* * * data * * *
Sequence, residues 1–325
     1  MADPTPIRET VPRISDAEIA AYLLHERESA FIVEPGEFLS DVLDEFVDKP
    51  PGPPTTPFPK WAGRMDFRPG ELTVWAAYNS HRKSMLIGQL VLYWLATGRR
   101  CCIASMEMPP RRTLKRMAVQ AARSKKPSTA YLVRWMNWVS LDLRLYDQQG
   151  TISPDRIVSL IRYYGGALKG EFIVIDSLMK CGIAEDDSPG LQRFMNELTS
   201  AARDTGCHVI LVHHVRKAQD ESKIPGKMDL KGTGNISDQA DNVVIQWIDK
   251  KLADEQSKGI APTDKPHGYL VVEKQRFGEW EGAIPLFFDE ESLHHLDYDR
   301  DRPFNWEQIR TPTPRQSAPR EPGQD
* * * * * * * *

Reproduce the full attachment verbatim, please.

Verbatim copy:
Sequence, residues 1–325
     1  MADPTPIRET VPRISDAEIA AYLLHERESA FIVEPGEFLS DVLDEFVDKP
    51  PGPPTTPFPK WAGRMDFRPG ELTVWAAYNS HRKSMLIGQL VLYWLATGRR
   101  CCIASMEMPP RRTLKRMAVQ AARSKKPSTA YLVRWMNWVS LDLRLYDQQG
   151  TISPDRIVSL IRYYGGALKG EFIVIDSLMK CGIAEDDSPG LQRFMNELTS
   201  AARDTGCHVI LVHHVRKAQD ESKIPGKMDL KGTGNISDQA DNVVIQWIDK
   251  KLADEQSKGI APTDKPHGYL VVEKQRFGEW EGAIPLFFDE ESLHHLDYDR
   301  DRPFNWEQIR TPTPRQSAPR EPGQD